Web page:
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Date: 30 Jun 2012 23:04:43
Title: Campfires, Coconut crabs and Barracuda

Lat 16:57.39S
Lon 144:35.03W

Postcard from Tahanea:
Dear Mum,
Having a terrible time, weather is crap, surroundings are grey and miserable, nothing to do all day but wallow in self pity...
Please arrange immediate transportation back to England's glorious summer.
Love Jo xx

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Ok, slap on the wrists for me for being a smug little so-and-so. I'm sorry, I couldn't resist. But let's face it, that's what this Blog "Blag" is all about!

Tahanea is a really beautiful atoll and we are currently anchored in my favourite anchorage of the Tuamotu's so far, maybe even the whole trip. The picture above is the beach we are anchored off. It is incredibly picturesque and needless to say the 60D has been working overtime, trying to capture this idyllic little part of the world. There is a slight breeze, and the only sound is the gentle lapping of the waves on the boat, and the distant roar of the ocean crashing against the reef a couple of miles away. Dad even slept on deck last night, enjoying the stars and moonrise.

The view from the bow of the boat right now

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We had 3 nights in Makemo, but it was a bit underwhelming, largely because we did actually have some bad weather (shock horror!) with some squalls coming through and cloud cover for much of the time. We still managed a campfire on the beach, the boys got in some kitesurfing hours and we dived/snorkelled the Western pass before rising early and leaving for Tahanea with a good wind behind us. The boys also managed to break the dinghy outboard during a kite exchange, and the gear lever snapped off and the dinghy got stuck in forward gear. Luckily we have 3 engineers onboard and after a morning of "fixing" it is now back in working order. Our visit to the main village on Makemo was very brief as the anchorage there was very rolly in the SE winds, and we needed to get 10 miles up the atoll to find some shelter from the bad weather. We managed to find a large supermarket and stock up on fresh provisions (it's getting better as we get closer to Tahiti), fill our dive tanks and briefly get on the internet.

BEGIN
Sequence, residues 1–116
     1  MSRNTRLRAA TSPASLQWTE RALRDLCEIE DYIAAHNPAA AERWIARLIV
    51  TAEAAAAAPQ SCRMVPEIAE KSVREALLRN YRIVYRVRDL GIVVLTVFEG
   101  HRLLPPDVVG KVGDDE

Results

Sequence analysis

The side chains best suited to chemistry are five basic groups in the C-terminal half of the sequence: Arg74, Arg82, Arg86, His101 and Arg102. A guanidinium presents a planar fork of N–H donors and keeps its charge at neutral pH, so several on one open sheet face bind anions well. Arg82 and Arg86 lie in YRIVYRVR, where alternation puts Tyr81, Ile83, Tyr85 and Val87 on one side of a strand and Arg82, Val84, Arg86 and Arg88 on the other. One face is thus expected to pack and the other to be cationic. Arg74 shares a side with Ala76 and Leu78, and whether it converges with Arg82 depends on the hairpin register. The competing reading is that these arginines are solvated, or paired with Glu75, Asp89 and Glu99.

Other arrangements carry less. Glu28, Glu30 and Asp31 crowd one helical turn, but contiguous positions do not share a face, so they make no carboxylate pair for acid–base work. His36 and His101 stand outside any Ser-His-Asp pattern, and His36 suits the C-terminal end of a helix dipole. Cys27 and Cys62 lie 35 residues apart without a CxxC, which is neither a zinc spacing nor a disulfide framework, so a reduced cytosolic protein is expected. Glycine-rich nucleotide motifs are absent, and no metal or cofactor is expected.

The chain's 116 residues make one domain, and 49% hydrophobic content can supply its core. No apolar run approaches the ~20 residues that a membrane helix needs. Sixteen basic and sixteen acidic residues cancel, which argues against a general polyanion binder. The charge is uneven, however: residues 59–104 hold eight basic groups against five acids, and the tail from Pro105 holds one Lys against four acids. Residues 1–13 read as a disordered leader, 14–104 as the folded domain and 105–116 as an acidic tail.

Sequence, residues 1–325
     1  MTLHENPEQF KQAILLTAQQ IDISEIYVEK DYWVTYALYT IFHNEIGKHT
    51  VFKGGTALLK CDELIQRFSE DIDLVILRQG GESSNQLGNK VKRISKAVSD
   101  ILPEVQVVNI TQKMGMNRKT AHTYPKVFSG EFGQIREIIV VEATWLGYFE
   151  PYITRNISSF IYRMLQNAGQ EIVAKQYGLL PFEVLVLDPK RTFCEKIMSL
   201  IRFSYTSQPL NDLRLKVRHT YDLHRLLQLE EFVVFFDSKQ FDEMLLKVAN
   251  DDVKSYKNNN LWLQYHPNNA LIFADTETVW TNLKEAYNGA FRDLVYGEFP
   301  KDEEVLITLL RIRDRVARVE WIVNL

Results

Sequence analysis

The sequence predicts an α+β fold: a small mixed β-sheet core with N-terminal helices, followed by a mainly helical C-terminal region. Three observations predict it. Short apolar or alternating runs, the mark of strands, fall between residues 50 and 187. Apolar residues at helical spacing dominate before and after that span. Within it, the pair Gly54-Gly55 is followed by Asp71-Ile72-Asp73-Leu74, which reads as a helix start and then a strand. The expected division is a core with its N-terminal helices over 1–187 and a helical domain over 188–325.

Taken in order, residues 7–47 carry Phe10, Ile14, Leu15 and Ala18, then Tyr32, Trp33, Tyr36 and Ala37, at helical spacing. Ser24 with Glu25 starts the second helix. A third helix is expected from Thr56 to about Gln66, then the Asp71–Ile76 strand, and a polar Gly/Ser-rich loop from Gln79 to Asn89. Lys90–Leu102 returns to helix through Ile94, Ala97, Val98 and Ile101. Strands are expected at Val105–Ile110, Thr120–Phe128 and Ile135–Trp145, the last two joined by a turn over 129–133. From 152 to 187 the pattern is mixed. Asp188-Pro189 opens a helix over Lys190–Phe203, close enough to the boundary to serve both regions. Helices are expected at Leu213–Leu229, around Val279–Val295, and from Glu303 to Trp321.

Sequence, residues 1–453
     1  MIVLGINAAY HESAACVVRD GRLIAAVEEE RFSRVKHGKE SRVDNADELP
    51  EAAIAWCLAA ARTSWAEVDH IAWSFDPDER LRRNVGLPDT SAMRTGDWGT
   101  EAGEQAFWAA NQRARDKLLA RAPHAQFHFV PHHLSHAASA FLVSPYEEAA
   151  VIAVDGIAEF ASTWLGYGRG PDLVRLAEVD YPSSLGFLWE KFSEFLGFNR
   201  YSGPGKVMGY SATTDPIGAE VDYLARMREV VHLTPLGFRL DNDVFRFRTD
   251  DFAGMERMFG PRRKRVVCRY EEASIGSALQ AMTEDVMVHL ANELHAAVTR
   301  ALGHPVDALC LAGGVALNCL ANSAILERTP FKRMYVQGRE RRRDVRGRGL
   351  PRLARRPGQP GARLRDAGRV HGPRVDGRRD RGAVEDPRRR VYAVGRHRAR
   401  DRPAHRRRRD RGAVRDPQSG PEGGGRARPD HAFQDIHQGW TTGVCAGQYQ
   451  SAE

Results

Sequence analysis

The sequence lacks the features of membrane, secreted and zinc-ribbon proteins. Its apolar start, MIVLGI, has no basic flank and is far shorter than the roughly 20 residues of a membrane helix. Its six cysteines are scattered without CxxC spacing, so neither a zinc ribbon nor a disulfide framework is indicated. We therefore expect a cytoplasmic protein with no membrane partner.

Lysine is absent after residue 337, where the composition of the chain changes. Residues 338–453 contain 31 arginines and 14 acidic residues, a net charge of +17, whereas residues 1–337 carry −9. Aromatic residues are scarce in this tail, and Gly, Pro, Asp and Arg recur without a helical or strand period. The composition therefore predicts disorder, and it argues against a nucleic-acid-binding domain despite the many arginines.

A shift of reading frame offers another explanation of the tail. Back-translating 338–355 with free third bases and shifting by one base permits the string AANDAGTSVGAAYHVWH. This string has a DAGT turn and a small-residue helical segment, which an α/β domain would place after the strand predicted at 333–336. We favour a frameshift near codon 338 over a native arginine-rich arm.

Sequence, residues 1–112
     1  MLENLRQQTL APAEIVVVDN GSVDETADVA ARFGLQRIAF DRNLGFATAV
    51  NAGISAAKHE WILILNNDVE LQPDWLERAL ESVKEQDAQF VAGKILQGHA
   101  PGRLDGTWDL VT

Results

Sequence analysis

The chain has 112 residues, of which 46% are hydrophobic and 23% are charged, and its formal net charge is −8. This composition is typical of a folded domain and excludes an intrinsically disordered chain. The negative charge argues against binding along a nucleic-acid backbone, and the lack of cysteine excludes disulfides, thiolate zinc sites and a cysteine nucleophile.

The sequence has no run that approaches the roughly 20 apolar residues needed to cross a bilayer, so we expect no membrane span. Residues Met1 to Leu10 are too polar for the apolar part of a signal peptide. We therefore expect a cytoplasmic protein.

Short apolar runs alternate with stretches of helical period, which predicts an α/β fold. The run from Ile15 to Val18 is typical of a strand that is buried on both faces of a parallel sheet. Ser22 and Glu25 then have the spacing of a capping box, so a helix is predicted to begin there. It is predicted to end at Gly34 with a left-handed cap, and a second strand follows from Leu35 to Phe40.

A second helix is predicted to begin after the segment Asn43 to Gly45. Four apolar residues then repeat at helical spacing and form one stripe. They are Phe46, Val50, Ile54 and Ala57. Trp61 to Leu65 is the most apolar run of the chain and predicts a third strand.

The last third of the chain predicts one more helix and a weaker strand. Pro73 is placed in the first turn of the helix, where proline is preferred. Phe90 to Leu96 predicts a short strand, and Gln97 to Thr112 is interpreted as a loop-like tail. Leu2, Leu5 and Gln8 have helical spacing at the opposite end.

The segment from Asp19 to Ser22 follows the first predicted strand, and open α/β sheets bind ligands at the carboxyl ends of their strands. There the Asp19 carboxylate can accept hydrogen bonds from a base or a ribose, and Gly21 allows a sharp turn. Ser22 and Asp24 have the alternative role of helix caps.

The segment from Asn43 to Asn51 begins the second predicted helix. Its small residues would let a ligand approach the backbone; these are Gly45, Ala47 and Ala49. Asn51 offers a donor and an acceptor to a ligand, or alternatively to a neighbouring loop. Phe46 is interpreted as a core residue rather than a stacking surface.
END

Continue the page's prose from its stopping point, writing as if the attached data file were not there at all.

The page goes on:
A half day sail from Makemo brought us to Tahanea, which is a national park as it is the only remaining atoll with a bird called the Tuamotu Sandpiper nesting on it. National park status also means there are no houses here, except for a makeshift shack (named Blue Peter Yacht Club!) that is used seasonally when the locals come to pick the coconuts during the Copra season. They dry out the coconuts and sell the dried product for inclusion in your Bounty bars (amongst other things), providing a large proportion of the income in these atolls. We used the rainwater cisterns to get some fresh water to wash our clothes yesterday, and while we were there two local guys arrived in their boat and deposited their huge trawl of about 200 lobsters that they had caught over the previous few evenings. They have makeshift cages by the shack, where they keep the lobsters just underwater, in the shade, before they are collected by a bigger boat and taken to Tahiti for sale to the restaurants. They cooked one up for us to taste, and we traded some beers for 4 more lobsters to put on the campfire that night - delicious!

I have created fire! (with the help of a gas clicker!)